(b) should expect that they will not discover or realize the danger, or will fail to protect themselves against it, and
(c) fails to exercise reasonable care to protect them against the danger.

Id. (quoting Restatement § 343 ). Indiana courts also have recognized that " Section 343 should be read together with Section 343A," Converse v. Elkhart Gen. Hosp., Inc. , 120 N.E.3d 621, 627 (Ind. Ct. App. 2019) (citing Restatement (Second) of Torts § 343 cmt. a (1965)), which provides in relevant part: "A possessor of land is not liable to his invitees for physical harm caused to them by any activity or condition on the land whose danger is known or obvious to them, unless the possessor should anticipate the harm despite such knowledge or obviousness." Restatement Second (Torts) § 343A(1) (1965) ; see also Miller v. Rosehill Hotels, LLC , 45 N.E.3d 15, 20 (Ind. Ct. App. 2015) (quoting same).

Comment f to § 343A(1) explains the situations that subsection (1) is meant to address:

There
...

To continue reading

Request your trial
37 cases
  • Otero v. Ind. Harbor Belt R.R. Co.
    • United States
    • U.S. District Court — Northern District of Indiana
    • 24 de março de 2023
    ... ... The non-moving party must present the ... court with evidence on which a reasonable jury could rely to ... find in his favor. Weaver v. Speedway, LLC , 28 F.4th ... 816, 820 (7th Cir. 2022). The court must construe all facts ... in the light most favorable to the ... ...
  • Beyer v. Napleton Motor Corp.
    • United States
    • U.S. District Court — Northern District of Illinois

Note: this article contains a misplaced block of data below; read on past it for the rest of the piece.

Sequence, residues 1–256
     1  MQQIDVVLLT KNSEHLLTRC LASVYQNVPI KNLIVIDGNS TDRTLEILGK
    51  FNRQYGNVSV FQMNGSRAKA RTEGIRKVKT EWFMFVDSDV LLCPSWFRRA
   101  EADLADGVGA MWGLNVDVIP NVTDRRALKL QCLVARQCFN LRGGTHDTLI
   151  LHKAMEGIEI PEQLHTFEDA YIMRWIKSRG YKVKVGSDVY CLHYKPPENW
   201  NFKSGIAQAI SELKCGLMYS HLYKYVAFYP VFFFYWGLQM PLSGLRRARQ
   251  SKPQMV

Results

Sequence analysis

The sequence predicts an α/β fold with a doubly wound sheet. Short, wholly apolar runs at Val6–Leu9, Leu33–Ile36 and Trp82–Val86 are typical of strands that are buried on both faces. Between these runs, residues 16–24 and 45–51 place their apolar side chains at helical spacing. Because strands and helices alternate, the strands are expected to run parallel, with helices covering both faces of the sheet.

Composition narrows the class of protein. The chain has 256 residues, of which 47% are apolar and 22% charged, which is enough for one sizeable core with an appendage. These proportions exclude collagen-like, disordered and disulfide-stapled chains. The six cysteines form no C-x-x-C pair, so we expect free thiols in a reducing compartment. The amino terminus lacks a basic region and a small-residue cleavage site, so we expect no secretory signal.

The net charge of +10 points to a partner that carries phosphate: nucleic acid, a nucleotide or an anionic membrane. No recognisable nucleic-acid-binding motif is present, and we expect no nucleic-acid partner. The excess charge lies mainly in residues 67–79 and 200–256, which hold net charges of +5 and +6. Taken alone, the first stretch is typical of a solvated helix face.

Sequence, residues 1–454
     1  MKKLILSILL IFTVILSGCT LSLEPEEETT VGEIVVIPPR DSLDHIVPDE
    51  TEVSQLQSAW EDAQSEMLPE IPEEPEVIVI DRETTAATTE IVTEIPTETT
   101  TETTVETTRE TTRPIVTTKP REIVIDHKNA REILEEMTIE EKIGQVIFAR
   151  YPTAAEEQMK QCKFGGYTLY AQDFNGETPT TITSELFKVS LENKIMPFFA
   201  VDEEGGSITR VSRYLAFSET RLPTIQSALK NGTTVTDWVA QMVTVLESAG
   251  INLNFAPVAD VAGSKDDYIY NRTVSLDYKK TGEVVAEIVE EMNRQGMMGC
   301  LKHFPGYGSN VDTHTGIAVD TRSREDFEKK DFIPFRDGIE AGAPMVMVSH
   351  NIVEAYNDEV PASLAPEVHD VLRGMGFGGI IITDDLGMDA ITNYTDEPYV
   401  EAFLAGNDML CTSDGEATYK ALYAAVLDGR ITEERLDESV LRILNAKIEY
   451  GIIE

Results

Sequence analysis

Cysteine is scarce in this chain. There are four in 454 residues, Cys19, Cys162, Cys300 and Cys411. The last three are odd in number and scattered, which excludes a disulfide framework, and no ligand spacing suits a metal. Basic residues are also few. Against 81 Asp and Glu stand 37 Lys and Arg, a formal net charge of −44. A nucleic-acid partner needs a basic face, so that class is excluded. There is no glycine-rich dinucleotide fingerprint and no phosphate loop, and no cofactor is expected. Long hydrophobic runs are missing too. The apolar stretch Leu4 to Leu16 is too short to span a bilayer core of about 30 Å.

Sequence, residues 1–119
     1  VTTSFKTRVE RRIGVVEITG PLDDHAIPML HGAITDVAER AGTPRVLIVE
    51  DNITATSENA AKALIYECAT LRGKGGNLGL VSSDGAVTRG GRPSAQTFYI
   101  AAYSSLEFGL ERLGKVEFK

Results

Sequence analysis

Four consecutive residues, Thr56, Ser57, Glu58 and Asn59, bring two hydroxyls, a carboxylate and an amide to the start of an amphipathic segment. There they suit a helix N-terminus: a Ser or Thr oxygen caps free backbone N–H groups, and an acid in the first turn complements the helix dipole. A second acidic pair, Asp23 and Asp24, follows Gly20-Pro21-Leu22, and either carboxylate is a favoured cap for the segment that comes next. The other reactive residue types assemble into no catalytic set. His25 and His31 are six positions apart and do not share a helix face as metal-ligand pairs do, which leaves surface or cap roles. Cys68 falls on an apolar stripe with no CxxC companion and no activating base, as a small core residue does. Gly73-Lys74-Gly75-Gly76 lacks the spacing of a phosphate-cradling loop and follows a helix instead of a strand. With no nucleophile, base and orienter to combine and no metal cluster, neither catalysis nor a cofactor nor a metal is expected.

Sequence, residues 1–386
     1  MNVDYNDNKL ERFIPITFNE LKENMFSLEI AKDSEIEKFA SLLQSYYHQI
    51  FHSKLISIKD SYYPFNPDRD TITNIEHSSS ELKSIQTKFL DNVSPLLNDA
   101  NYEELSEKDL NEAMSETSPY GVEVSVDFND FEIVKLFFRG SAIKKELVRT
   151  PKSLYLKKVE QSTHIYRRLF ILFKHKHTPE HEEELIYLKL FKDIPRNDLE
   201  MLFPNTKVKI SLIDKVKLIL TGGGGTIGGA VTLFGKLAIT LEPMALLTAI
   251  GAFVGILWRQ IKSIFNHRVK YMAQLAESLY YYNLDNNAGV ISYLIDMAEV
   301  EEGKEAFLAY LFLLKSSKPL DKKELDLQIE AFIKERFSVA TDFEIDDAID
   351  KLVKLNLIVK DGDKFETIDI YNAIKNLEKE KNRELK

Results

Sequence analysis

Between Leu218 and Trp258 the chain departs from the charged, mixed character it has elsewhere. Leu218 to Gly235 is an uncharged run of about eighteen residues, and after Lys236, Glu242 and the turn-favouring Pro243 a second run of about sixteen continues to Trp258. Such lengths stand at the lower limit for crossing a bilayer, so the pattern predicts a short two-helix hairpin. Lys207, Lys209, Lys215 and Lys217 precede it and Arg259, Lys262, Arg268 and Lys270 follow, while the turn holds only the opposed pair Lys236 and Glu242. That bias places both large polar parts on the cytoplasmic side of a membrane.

• 13 de setembro de 2022
    ...if there are no genuine issues of material fact and the moving party is entitled to judgment as a matter of law. Weaver v. Speedway, LLC, 28 F.4th 816, 820 (7th Cir. 2022); see Fed. R. Civ. Pro. 56(a). If a reasonable jury could return a verdict for the nonmoving party, summary judgment is ......
  • Forest River, Inc. v. Intech Trailers, Inc.
    • United States
    • U.S. District Court — Northern District of Indiana
    • 15 de setembro de 2023
    ... ... The non-moving party must present the ... court with evidence on which a reasonable jury could rely to ... find in his favor. Weaver v. Speedway, LLC , 28 F.4th ... 816, 820 (7th Cir. 2022). The court must construe all facts ... in the light most favorable to the ... ...
  • Ind. GRQ v. Am. Guarantee & Liab. Ins. Co.
    • United States
    • U.S. District Court — Northern District of Indiana
    • 22 de março de 2023
    ... ... The non-moving party must present the ... court with evidence on which a reasonable jury could rely to ... find in his favor. Weaver v. Speedway, LLC , 28 F.4th ... 816, 820 (7th Cir. 2022). The court must construe all facts ... in the light most favorable to the ... ...
  • Request a trial to view additional results

VLEX uses login cookies to provide you with a better browsing experience. If you click on 'Accept' or continue browsing this site we consider that you accept our cookie policy. ACCEPT